Municipal utilities focus on workforce to guide sustainable choices

The One Planet program is an employee engagement educational program to support employees of a municipal utilities providing electricity and water in Colorado, USA.

IUCN CEC member Michelle Finchum reports on an employee engagement program for sustainability at a municipal utility

Fort Collins, Colorado recently won another award – Outside Magazine listed it on its “America’s best places 2013” list. Managing a growing city while maintaining high quality, attractive services that get national recognition is an on-going challenge for municipal workers. Many Utilities workers quietly ensure outstanding electric reliability or some of the best drinking water in the nation. As our external programs grew, our internal workforce was in need of a pat on the back. Enter – the One Planet program. This internal, reward-based, employee engagement program highlights the services we provide for our community to our Utilities workforce.

It’s our answer to “what are we doing to be more innovative, green, energy conscious, water sensitive, consider land management”, which is “we already do it”. The best part of the program is that it is run by employees for employees.

It all began in 2008 when our executive director embarked us on a journey called “The 21st Century Initiative”. We needed to take a hard look into the future and our current services and realign them. Several teams were created, such as the Culture Team, which started the groundwork for shifting our culture. This team began the work of the One Planet program in 2010 – which transferred the next year to the Workforce Team. This team of dedicated employees started to identify places to visit to experience the projects we do. We asked Water Treatment Plant employees to lead their co-workers on tours of how our water is treated to exceed federal, state and municipal standards. The program blossomed, and by 2011 we had 60 opportunities to tour projects such as power substation work, watershed monitoring programs, ditch protection programs, land restoration for storm water quality and low impact development sites.

Now that we had high interest in going on tours of “what we do” to understand more of how we impact our community daily – it was time to focus on the One Planet program. We incorporated adult learning theories, project management steps, fostering sustainable behaviour concepts and tied it to the Shine model. We measured behaviour change to see if there was a shift in thinking about the three pillars of sustainability – and there was – both quantitatively and qualitatively. It was working, our workforce felt more comfortable with our own projects and practices, therefore were more willing to promote or even partake in our public programs.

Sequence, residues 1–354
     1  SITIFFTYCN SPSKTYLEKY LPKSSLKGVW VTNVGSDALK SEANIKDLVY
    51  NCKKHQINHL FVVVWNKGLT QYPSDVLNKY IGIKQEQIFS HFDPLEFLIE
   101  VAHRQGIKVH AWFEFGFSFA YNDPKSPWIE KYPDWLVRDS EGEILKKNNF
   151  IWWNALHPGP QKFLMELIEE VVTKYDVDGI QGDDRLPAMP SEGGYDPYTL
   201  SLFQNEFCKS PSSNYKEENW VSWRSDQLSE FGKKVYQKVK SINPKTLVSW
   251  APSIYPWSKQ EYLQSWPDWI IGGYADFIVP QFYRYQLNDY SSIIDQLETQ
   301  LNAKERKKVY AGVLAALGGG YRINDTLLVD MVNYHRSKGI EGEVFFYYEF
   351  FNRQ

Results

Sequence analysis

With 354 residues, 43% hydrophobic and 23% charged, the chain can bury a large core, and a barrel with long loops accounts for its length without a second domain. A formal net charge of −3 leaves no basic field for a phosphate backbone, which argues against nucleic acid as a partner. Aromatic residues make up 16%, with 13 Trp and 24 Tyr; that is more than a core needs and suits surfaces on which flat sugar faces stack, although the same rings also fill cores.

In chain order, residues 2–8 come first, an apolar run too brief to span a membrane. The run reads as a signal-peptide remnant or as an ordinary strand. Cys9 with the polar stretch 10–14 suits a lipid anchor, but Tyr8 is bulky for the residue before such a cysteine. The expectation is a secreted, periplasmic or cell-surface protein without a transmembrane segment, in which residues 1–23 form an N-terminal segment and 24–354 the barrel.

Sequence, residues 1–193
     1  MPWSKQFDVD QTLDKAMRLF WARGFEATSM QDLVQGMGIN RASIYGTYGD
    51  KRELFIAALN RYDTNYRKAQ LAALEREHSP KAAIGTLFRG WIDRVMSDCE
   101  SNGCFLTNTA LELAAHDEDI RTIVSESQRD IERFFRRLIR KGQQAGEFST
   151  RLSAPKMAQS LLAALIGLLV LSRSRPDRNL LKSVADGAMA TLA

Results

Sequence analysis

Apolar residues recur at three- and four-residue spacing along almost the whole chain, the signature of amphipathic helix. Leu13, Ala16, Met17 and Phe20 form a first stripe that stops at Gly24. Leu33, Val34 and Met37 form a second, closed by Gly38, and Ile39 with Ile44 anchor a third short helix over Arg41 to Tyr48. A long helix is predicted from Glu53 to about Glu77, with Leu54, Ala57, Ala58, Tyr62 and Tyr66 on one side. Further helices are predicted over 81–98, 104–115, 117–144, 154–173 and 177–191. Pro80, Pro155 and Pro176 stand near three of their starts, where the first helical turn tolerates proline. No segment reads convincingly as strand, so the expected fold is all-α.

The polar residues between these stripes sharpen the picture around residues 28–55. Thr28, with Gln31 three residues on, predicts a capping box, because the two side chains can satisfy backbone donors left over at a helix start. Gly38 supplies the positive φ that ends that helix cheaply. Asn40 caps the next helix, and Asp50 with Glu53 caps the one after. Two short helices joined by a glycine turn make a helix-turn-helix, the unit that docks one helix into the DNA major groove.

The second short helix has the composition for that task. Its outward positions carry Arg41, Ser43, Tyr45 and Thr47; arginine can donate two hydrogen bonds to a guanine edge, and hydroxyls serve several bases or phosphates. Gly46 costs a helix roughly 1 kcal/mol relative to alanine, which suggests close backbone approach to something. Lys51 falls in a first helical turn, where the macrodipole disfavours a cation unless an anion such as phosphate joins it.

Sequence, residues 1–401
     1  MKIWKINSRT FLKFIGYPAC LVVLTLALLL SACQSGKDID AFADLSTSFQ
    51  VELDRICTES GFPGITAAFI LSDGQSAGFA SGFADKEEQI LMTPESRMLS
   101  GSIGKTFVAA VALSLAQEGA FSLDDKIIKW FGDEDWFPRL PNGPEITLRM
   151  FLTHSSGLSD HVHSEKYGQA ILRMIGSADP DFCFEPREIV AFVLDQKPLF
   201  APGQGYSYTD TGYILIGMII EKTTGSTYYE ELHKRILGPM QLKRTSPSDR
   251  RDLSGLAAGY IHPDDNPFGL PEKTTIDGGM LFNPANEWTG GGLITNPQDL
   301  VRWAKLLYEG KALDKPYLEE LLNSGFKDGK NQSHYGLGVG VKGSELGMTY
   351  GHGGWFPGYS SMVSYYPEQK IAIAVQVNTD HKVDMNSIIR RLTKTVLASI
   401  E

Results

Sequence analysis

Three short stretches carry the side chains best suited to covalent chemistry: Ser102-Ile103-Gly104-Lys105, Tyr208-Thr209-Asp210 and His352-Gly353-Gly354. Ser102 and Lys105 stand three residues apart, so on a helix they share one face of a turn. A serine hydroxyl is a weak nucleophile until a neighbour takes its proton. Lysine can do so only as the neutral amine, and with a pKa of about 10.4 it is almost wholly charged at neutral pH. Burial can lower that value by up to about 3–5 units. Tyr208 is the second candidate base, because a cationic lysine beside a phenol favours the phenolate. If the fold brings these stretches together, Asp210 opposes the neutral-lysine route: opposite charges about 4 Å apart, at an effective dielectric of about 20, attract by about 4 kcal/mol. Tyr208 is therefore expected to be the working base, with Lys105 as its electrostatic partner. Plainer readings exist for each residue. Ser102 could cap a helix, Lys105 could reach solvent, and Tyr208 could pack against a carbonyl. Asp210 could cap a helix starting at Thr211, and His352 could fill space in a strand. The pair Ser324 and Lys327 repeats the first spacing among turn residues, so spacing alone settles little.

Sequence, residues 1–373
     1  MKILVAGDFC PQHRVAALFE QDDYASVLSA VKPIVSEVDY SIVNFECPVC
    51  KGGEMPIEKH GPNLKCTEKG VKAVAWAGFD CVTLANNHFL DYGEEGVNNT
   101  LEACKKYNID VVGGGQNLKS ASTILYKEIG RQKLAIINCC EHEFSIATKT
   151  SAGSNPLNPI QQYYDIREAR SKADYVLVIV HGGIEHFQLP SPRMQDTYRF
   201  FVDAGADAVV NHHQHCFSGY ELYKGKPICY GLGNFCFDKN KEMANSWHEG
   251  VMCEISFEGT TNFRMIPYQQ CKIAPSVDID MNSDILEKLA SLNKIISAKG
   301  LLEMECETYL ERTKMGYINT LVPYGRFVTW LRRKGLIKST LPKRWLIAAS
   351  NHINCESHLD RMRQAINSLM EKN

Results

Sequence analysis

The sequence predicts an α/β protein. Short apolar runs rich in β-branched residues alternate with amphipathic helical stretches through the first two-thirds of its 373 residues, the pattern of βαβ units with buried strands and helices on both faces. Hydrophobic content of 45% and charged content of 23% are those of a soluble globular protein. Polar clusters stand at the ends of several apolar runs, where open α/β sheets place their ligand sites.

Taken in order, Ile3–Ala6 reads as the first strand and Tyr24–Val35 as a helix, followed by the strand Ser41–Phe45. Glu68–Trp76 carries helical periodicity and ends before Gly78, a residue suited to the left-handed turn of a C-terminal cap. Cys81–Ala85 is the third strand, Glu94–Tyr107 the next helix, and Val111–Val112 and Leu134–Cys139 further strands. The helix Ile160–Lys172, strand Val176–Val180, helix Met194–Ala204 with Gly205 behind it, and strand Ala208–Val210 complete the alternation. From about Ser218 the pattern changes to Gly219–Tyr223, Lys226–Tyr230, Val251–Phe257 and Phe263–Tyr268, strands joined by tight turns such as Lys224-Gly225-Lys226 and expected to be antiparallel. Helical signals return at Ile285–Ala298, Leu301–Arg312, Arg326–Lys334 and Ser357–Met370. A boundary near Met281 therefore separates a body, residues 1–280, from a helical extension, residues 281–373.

To use water conservation as an example, the One Planet program allows an employee to tour our reservoirs, ditches, watershed, treatment plant and waste water treatment plant. One could go on tours of City xeriscape gardens or get a free audit of their sprinkler system. With this deep understanding of the complexities of water, ones’ attitudes toward the water coming from a faucet changes. This leads to a higher value for our water and in turn to the behaviour change of conserving water.

We are currently wrapping up our 4th year of One Planet. We’ve had higher participation this year than any other, with more than 50% of our Utilities workforce involved. We feel that programs like these for our municipal employees in turn make our community stronger and better – which in turn leads to recognition in more national magazines.

For more information, contact CEC member Michelle Finchum at

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